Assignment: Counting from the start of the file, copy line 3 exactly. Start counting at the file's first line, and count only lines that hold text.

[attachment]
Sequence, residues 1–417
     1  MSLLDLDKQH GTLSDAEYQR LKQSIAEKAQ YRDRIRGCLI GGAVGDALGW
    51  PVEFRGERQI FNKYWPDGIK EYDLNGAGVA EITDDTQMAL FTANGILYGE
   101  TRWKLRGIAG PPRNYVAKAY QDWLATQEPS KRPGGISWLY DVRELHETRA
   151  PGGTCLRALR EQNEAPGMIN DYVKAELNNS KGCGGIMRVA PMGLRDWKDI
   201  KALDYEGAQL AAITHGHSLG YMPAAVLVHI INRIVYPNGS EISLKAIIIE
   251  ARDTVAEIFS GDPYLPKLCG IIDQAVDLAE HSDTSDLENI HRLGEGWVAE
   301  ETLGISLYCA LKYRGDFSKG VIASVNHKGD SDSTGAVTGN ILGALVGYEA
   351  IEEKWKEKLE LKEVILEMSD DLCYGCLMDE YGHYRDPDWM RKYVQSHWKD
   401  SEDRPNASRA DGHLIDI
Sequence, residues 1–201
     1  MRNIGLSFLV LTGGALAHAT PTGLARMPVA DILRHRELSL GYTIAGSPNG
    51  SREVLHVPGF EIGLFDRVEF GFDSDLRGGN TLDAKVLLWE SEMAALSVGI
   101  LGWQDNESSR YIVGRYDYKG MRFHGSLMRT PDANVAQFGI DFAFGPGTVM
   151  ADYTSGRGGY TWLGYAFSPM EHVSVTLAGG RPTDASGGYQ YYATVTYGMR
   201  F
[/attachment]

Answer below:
    51  PVEFRGERQI FNKYWPDGIK EYDLNGAGVA EITDDTQMAL FTANGILYGE